Snake Bites on Dogs

If you think your dog has been bitten by a snake, it is important to get your dog to a vet as quickly as possible. Snake bites are painful and cause swelling in the area where they occurred. Snakes are fairly common in many parts of the United States and can be found in backyards, making them particularly dangerous for dogs that like to roam around the neighborhood on their own.

Snake bites from venomous snakes can cause serious health problems for dogs, including severe illness or death if left untreated by a veterinarian. The best way to prevent snake bites on dogs is prevention: keep snakes out of your yard with fencing or repellents (like coyote urine), keep an eye out when walking your dog through wooded areas and don’t let them run off leash unless there’s no chance of encountering dangerous wildlife like snakes!

Venom Is Poisonous

Venom is a mixture of proteins and enzymes that are injected into the bloodstream of your pet through the fangs of a snake. This can cause death or severe tissue damage, as well as swelling and bleeding.

In addition to its harmful effects on your dog, venom can also lead to life-threatening anaphylaxis (a severe allergic reaction) in people who are allergic to it. If you suspect that your pet was bitten by a snake, call your veterinarian immediately so they can administer emergency treatment.

Dogs Are at Risk of Snake Bites

As a dog owner, you likely want to keep your pup safe. And while snakes are generally not aggressive and will only bite if they feel threatened or scared, dogs can still be injured by the reptiles.

Some of the reasons why dogs are at risk of being bitten include:

  • Dogs are curious and like to sniff and explore their surroundings. Snakes are often found hiding in bushes or under rocks or logs, so it’s not hard for a dog’s nose to find one.
  • Dogs tend to be faster than snakes; they’ll usually see a snake before the snake sees them, making it more likely that they’ll get bit if they try to play with one (or even just run past).
  • Even though most bites occur on the face—including around eyes—snakes do have fangs on their lower jaws as well as on top ones! So if you’ve ever wondered why Fido has an eye patch…this is probably why!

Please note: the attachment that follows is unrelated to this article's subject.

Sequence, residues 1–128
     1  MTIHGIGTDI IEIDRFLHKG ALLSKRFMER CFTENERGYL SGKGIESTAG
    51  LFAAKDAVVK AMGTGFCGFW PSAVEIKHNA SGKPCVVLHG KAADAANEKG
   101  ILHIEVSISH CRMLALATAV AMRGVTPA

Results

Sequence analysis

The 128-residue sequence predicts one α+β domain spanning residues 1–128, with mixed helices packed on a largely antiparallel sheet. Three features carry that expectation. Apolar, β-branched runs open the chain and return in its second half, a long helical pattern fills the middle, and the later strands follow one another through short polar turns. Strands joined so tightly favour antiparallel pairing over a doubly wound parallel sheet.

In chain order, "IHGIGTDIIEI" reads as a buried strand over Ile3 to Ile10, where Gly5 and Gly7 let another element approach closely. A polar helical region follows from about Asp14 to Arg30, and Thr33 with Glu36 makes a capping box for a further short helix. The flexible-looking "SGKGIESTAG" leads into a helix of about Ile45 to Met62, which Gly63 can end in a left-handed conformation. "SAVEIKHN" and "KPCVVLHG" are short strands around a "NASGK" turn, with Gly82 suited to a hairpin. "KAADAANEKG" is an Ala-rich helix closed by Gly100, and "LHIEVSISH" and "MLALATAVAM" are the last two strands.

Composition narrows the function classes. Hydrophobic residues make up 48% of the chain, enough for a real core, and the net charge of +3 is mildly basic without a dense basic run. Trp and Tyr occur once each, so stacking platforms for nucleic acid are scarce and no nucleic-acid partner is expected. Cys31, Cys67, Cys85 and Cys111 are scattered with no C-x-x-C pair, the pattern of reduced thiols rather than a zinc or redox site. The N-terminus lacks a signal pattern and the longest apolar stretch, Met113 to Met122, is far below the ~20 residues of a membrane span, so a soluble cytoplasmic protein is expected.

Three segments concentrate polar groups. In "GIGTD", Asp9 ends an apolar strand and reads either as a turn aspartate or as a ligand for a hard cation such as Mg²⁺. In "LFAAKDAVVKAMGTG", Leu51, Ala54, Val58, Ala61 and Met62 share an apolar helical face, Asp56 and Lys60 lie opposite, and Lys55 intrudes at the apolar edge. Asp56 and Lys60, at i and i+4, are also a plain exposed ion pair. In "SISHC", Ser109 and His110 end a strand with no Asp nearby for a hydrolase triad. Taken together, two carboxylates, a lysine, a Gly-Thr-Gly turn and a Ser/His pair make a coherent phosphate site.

Rattle Snakes Have the Most Potent Venom

Rattlesnakes have the most potent venom of all venomous snakes. They can deliver up to 1/2 teaspoon of venom with each bite, and some species can inject more than this amount into their victims. A rattlesnake bite can be fatal if it goes untreated for 2-3 hours or longer. The snake’s fangs are large and hollow, allowing them to inject a large amount of venom with each strike.

Rattlesnake bites cause muscular necrosis (tissue death), which is why they’re so dangerous—they cause severe tissue damage, which may lead to gangrene and amputations if left untreated for too long!

Rattlesnake Bites Cause Muscle Necrosis & Tissue Damage

Rattlesnake bites are serious and can cause muscle necrosis, a condition in which muscle tissue dies. The resulting damage leaves you with scarred and stiffened skin, which may not be able to stretch when your dog is trying to move around. This can lead to pain, discomfort, or even lameness. Muscle necrosis is also associated with bleeding problems and organ failure.

Rattlesnake Bites on Dogs Can Be Fatal if Untreated in 2-3 Hours

If untreated, rattlesnake bites can be fatal within a matter of hours. You need to get your dog to the vet immediately if he or she has been bitten by a rattlesnake. If you aren’t sure whether it was actually a rattlesnake that bit your dog, call an animal hospital or poison control center and ask them what steps to take.

If you do know that your pet was bitten by a rattlesnake, try not to panic—but do act quickly! The longer it takes for treatment after being bitten by a snake, the sicker (and therefore more likely dead) your pet will become.

Snake Bite Symptoms Include Puffiness, Weakness, Vomiting, Diarrhea and Fever.

Watch for the following symptoms:

  • Puffiness around the bitten limb, which may indicate an allergic reaction. The affected area will likely swell quickly and feel hot to the touch.
  • Weakness in that same limb or another part of your dog’s body. If she seems weak, gently lift her up and see if she can support herself (you might need someone to help). If she cannot stand, don’t try to move her; instead, call your veterinarian immediately!
  • Vomiting and diarrhea are also common symptoms of snake bites on dogs. Your pooch might also have a fever above 101 degrees Fahrenheit (38 degrees Celsius).


In conclusion, snakes are a common threat to dogs in certain areas and can cause fatal consequences if not treated within 2-3 hours. Dogs should be kept out of the backyard when you know that there are rattlesnakes in the area. Quick treatment with anti-venom can save your dog’s life.